Tuesday, November 17, 2009

Breast Surgeon Talks about Therapies; New Trends

by Holly Hosler

Although breast cancer incidence is declining in the U.S. overall, it is actually increasing among residents of Baltimore city and Baltimore County, says Dawn Leonard, M.D., presenter at last week’s Alvin & Lois Lapidus Cancer Institute oncology grand rounds on “Advances in Breast Cancer: Current Therapy and New Trends.”

Leonard, fellowship-trained breast surgeon and medical director of the Herman & Walter Samuelson Breast Care Center, gave LifeBridge Health clinicians an up-to-date summary of the current standards of care for the detection and treatment of breast cancer. She also mentioned trends and technological advances that will likely shape the future of breast care.

In terms of imaging and cancer detection, mammography is the only modality that’s been shown in clinical studies to improve survival rates, says Leonard. Moreover, digital mammography has been proven 28 percent more effective than traditional mammography in detecting cancer in pre- and peri-menopausal women, women with dense breasts and women under age 50. Leonard gave the group a glimpse into the future of breast imaging with pictures of 3-D mammography/ tomosynthesis and positron electron mammography, modalities that are not yet FDA-approved but appear to be promising.

For biopsies, Leonard says she avoids excisional biopsies, and even incisional biopsies are becoming somewhat passé. Less invasive needle biopsy techniques are now standard, and core needle biopsies are preferable to fine needle aspiration because they give pathologists better cell samples from which to ascertain more information about a tumor.

Leonard stresses the importance of patients’ desires when it comes to breast surgery. There has been an increasing trend lately towards mastectomy, and she understands why many patients would want to take this prophylactic measure. However, most patients are good candidates for lumpectomy.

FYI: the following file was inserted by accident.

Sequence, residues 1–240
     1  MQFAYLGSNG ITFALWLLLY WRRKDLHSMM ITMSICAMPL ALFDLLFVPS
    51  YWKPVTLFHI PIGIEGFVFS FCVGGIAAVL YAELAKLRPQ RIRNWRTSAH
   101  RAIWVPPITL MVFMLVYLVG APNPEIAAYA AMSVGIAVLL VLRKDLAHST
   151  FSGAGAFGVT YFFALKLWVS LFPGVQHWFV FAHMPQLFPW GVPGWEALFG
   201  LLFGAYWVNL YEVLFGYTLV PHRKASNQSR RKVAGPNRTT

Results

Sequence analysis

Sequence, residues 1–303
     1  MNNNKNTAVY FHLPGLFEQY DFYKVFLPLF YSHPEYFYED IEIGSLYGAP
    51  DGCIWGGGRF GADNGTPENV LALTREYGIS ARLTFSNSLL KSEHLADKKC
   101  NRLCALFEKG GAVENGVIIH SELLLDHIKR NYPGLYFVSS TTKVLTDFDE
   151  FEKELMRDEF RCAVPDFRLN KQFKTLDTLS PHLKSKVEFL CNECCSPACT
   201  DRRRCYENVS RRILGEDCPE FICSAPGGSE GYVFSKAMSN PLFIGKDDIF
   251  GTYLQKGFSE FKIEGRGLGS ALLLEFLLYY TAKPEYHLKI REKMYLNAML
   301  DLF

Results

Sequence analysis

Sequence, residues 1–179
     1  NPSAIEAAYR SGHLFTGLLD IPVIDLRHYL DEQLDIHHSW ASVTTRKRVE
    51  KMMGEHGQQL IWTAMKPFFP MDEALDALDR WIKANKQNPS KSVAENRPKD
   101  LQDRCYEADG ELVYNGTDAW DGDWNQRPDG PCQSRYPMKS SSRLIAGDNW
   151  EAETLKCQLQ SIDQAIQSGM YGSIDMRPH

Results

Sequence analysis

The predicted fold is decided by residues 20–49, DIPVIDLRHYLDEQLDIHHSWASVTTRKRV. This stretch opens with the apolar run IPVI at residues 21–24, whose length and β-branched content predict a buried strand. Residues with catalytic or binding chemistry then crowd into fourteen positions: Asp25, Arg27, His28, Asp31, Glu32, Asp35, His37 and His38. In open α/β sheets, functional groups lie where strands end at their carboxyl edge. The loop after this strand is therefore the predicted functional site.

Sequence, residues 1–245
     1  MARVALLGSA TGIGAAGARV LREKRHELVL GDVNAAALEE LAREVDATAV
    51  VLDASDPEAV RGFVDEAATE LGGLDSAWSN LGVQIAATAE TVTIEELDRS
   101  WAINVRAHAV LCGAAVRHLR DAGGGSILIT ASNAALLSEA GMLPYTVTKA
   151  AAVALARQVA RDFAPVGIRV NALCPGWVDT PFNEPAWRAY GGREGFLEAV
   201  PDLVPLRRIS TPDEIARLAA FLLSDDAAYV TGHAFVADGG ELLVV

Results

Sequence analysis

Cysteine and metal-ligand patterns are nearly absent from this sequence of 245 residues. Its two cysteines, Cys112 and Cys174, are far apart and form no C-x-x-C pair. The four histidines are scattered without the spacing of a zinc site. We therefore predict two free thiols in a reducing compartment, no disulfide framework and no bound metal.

“Survival rates are not impacted by breast conservation when combined with indicated adjuvant therapies,” says Leonard.

If a patient elects for a lumpectomy, which conserves as much breast tissue as possible, it’s imperative that she receive radiation treatment. Patients who have lumpectomies without radiation follow-up have a 20 to 40 percent chance of breast cancer recurrence in five years. (Therefore, most patients receive full breast irradiation, which makes the lumpectomy nearly as effective as a mastectomy at preventing future cancer development.) Leonard described IMRT, partial breast irradiation (PBI) and MammoSite (a form of PBI), adding that PBI is still relatively new and at this time the body of data is small to accurately gauge its effectiveness over the long term. (The American Society of Clinical Oncology considers it investigational.)

Breast care surgery may one day see a revolution in that surgery will be replaced by ablative therapy. (Ablation uses a probe to heat or freeze tumors, effectively destroying them from the inside out.) A final trend that Leonard mentioned was the focusing of breast care in a single, multi-modal, multidisciplinary care center, such as the Herman & Walter Samuelson Breast Care Center at Northwest Hospital.

To schedule an appointment at the breast care center, call 410-601-WELL (9355).

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